Ford’s R&D team cooks up a (partly) carbonfibre engine

Published: 11 January 2016

Four new Ford EcoBoost engines by 2020
R&D work exploring new lightweight materials
Concept 1.0-litre triple uses carbonfibre parts

Ford’s downsized EcoBoost petrol engines arrived in 2009, blending turbo technology with direct injection and variable valve timing to deliver cleaner emissions and improved mpg without losing the fun. By early last year Ford had made 5 million EcoBoost engines, and they power several key 2016 cars including the Focus RS, Mustang and GT.

Four new EcoBoost engines are promised by 2020, and beyond that Ford is looking to implement some of the tech featured on a concept engine unveiled at the Detroit show. 15% lighter than the existing 1.0-litre triple, the cute three saves weight using injection-moulded carbonfibre for some structural parts, including the sump and part of the cylinder head. The motor also uses racing car-style forged aluminium con-rods (nearly half the weight of existing rods) and powdered metal steel forgings on key highly stressed components.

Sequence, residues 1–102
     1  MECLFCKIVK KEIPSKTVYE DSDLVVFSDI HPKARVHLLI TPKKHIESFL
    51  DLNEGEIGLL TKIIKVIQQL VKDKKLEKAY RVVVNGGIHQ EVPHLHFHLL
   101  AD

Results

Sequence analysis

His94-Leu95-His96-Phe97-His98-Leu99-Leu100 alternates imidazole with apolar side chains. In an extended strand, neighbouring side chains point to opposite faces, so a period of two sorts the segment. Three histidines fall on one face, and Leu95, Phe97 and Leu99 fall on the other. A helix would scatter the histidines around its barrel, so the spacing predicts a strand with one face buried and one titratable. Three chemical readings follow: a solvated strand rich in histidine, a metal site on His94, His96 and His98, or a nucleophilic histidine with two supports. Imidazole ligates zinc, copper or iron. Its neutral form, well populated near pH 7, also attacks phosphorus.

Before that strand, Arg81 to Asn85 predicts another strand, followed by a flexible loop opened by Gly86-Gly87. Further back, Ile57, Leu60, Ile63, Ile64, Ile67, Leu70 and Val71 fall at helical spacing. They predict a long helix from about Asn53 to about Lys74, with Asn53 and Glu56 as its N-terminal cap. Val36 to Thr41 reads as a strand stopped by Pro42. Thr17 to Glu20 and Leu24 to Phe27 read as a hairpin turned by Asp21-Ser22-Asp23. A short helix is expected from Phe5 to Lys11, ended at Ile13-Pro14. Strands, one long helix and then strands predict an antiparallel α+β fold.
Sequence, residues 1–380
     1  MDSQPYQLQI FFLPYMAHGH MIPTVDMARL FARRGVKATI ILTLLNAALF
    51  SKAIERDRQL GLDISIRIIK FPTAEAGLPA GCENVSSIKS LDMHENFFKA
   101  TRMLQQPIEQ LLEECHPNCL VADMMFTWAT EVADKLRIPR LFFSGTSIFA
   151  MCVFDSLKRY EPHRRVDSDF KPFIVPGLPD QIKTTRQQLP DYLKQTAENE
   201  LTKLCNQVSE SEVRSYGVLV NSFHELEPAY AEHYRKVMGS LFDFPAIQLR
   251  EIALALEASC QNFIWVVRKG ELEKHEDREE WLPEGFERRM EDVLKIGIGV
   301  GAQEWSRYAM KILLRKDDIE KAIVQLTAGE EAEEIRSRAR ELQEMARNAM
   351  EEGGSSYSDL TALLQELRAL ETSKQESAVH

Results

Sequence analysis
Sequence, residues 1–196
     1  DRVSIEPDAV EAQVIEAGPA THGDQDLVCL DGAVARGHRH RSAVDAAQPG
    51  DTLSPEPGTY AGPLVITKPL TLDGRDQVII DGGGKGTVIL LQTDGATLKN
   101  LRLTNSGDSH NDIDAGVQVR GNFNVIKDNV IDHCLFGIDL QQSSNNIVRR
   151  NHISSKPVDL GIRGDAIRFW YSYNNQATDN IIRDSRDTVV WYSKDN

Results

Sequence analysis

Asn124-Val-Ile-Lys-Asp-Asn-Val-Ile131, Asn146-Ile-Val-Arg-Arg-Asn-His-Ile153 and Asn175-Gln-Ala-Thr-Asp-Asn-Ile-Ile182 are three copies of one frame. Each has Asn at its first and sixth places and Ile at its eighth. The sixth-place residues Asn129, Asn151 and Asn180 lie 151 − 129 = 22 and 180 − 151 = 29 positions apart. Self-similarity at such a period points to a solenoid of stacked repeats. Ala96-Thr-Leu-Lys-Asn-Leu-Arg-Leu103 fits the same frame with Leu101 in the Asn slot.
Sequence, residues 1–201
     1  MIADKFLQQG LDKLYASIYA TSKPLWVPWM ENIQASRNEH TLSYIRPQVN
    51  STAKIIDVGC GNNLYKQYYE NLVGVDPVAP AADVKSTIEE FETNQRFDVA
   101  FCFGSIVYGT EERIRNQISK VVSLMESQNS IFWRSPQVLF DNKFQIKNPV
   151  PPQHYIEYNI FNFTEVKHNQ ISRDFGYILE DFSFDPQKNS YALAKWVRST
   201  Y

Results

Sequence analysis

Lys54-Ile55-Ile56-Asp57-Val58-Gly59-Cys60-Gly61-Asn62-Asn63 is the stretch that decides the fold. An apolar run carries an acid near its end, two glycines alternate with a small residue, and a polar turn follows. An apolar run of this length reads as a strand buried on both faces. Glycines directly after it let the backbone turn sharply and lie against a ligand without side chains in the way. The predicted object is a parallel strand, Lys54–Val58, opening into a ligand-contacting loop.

Other tech on the Ford engine test bed includes e-turbos, mild hybridisation (together with a move to 48-volt electrics), variable geometry turbos, cylinder de-activation (turning the already small triple into a tiny twin) and variable valve lift.

As for when you’ll be able to buy a Fiesta with a carbon engine – ‘This is a working prototype so we’re not talking decades,’ says Ford’s director of powertrain research Andreas Schamel.

Read more of CAR’s Detroit motor show coverage here.

By Ben Miller

The editor of CAR magazine, story-teller, average wheel count of three